This article focuses on the legal instruments that are available to regulate the procurement profession especially in the public sector.
The State Procurement Act (SPB) (Chapter 22:14) and its subsidiary legislation, the Procurement Regulations 2002, (SI 171/2002) were enacted to regulate public sector procurement and protect public funds.
The Urban Councils Act (Chapter 29:15) Sections 210 and 211 provides guidelines to the composition of the municipal procurement board made up of elected councillors.
The SPB Act is modelled along the United Nations Commission on International Trade Law on Procurement of Goods and Construction.
The two pieces of legislation therefore compliment the UN Global Compact’s 10 principles, the anti-corruption principle stating businesses should work against corruption in all its forms, including extortion and bribery.
The SPB Act clearly states the functions of the Board. It conducts procurement on behalf of procuring entities for procurement of a class prescribed in the procurement regulations; it supervises procurement on behalf of procuring entities; it investigates and takes action pertinent thereof; and the body is independent under the Act. According to the Instrument, the entities that are regulated are:
l Ministries, departments or other divisions of the government,
l Statutory bodies such as parastatals and public enterprises according to Section 34;
l Local authorities or other persons declared in terms of subsection 2 of section 2.
The Instrument goes further to classify public procurement categories of competitive bidding, informal tenders, and formal tenders.
The categories are determined by the value of the individual purchase that needs to be undertaken.
The procedures for undertaking formal tenders are clearly stated and include the preparations of specifications, advertising, tender document costs, evaluation criteria, opening of tenders, and comparison of tenders.
The board is responsible for authorising tenders and contracts and standard terms and conditions of contracts are included in the tender documents.
The SPB Board members according to the Act play a dual role, they are regulators and at the same time are heavily involved in the operationalisation of the Act.
They are directly involved in the formal tender process of government departments and parastatals. In my opinion, the regulatory responsibility is compromised by the direct involvement in such procurement processes.
The Act only regulates the process of procurement which operates in a highly sophisticated system that includes procurement personnel, the buyers. Only one element of a sophisticated system is regulated, the public procurement process.
There is no professional criteria of appointing an/or employing personnel to work in the SPB.
This in my opinion is critical given the fact that procurement is strategic and technical such that people involved must have relevant qualifications and skills to perform the critical function.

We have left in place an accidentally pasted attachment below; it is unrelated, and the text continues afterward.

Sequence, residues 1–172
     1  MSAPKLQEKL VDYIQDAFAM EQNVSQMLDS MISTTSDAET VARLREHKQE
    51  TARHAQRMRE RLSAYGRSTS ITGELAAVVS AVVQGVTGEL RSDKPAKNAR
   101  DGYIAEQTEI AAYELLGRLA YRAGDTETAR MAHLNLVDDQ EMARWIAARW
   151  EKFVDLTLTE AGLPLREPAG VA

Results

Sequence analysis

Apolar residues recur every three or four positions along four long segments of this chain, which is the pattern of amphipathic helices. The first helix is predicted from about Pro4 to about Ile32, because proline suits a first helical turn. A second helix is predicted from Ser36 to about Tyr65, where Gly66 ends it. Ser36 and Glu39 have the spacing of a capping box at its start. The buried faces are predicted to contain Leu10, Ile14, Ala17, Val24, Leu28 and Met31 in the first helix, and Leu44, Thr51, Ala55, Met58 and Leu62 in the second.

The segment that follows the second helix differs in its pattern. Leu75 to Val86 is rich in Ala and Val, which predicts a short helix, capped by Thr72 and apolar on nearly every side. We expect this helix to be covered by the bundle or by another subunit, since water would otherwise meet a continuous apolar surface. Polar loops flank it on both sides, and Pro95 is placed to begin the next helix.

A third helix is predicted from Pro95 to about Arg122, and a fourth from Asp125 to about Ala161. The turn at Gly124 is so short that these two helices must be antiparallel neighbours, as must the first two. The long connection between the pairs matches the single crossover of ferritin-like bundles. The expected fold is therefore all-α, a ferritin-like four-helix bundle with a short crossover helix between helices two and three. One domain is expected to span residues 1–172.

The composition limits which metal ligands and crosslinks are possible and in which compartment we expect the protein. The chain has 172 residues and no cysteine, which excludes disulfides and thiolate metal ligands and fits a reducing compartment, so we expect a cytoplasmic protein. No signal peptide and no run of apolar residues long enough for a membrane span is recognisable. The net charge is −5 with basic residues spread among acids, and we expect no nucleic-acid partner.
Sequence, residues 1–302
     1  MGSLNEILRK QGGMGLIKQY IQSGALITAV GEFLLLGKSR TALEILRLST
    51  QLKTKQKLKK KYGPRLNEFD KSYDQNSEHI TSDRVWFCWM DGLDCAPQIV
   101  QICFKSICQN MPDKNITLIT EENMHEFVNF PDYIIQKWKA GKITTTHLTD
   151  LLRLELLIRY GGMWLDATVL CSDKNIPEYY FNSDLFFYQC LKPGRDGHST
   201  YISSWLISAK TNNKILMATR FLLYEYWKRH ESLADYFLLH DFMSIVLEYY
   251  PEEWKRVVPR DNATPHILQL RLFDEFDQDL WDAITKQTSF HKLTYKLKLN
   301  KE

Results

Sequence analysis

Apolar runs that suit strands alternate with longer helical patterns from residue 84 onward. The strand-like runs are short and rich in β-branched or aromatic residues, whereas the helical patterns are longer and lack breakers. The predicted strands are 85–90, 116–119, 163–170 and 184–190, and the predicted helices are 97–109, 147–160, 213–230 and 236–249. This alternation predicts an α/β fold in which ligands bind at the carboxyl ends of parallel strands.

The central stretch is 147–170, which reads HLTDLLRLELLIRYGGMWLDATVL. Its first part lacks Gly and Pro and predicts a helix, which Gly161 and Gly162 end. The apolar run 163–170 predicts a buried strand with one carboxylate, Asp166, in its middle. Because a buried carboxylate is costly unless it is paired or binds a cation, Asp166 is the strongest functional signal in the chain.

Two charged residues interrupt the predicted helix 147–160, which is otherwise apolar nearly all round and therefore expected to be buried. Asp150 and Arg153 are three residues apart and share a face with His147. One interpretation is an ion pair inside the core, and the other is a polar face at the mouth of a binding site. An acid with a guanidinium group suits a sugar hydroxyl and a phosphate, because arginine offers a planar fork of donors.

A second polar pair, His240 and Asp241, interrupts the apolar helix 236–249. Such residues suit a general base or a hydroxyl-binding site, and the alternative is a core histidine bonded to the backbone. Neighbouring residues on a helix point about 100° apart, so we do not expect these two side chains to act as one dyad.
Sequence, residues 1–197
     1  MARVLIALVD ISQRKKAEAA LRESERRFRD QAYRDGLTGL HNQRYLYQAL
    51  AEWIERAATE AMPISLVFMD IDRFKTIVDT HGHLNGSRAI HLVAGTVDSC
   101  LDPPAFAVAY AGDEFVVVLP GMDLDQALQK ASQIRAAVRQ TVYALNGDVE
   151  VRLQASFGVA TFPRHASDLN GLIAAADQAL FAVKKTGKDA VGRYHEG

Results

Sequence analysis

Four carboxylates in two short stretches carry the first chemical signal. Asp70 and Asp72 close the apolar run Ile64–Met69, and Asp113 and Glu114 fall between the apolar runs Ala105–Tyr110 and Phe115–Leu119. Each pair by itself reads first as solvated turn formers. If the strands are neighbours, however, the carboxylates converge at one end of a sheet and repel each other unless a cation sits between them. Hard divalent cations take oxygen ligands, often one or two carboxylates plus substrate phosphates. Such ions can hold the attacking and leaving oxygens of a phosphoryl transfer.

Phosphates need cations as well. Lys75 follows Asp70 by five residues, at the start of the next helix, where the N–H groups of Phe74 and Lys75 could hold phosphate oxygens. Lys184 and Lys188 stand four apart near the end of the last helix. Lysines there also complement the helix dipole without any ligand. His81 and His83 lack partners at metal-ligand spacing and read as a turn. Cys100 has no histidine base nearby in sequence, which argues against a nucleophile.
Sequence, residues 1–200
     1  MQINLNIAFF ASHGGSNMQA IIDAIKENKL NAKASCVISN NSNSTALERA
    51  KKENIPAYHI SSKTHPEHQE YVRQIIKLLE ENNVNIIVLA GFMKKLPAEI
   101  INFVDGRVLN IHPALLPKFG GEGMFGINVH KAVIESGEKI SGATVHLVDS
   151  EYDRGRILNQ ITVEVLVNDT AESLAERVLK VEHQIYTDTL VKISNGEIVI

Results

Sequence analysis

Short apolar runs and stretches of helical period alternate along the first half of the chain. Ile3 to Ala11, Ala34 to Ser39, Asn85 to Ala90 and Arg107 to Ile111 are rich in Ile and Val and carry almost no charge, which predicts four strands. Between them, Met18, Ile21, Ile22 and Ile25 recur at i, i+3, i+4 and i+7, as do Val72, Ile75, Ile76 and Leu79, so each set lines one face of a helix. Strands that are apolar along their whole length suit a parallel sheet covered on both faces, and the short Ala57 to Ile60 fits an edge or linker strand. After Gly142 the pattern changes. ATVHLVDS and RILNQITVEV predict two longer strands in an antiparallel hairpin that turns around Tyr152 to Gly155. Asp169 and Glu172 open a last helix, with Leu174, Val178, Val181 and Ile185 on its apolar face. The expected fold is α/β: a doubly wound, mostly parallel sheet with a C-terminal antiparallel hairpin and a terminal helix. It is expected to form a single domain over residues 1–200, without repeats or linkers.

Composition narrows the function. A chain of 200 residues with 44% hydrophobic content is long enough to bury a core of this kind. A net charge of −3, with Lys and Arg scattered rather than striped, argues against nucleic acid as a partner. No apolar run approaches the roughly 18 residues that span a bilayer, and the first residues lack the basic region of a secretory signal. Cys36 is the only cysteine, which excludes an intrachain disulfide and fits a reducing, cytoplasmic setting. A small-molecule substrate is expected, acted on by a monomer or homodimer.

In the Urban Councils Act, the municipal procurement board is responsible for reviewing and recommending to full council procurement decisions made by council officers.
Although the SPB Act puts the urban councils under the remittance of the Act, the Urban Councils Act does not mention any relationship of the piece of legislation to the SPB Act.
This might be the reason why the minister responsible for urban councils is now advocating to put the Urban Council’s procurement under the remits of SPB Act.
The Urban Councils Act, like the SPB Act, also regulates the local authority procurement process leaving out the critical elements of the system, the personnel responsible for purchasing. Councillors are involved in the day to day operations of councils at the expense of corporate governance, separation of management and control.
To build a purchasing and supply system that has integrity, morals and ethics, the legal aspect has to provide for that critical foundation.
The legal framework has capacity to accommodate and handle UN Global Compact principles 7-9 on the environment.
Principle number 7 states that businesses should support precautionary approach to environmental challenges; principle 8 emphasise the need to take initiatives to promote greater environmental responsibility, and; principle 9 encourage the development and diffusion of environmentally friendly technology.
It shall be easy for the government to implement these principles on preservation of the environment if the procurement laws adopt green procurement.
Various recent “red flag” reports in procurement in the media highlights the rate at which the system is highly sophisticated. Organised crime and corruption are shaped by the lack of strength of the control mechanisms of the state and civil society.
Corruption and organised crime are much more than an isolated phenomenon.
Theoretical and applied research have shown the interdependent links between the political, socio-economic, criminal justice and legal domain. Corruption in the public sector affects the socio-economic factors.
Socio-economic factors include the wealth of a country, the distribution of national income and how the public revenues are invested in the overall structure of the state, which fundamentally shapes the quality of life of the population.
This also involves the private sector. Procurement is recognised as a high-risk area since it frequently involves huge sums of public monies flowing to the private sector based on decisions by public officials.
It is regrettable that in some cases, corrupt transactions are the norm as a result of common institutional failures that could be avoided.
l Nyasha Chizu is the chairman of the Chartered Institute of purchasing and supply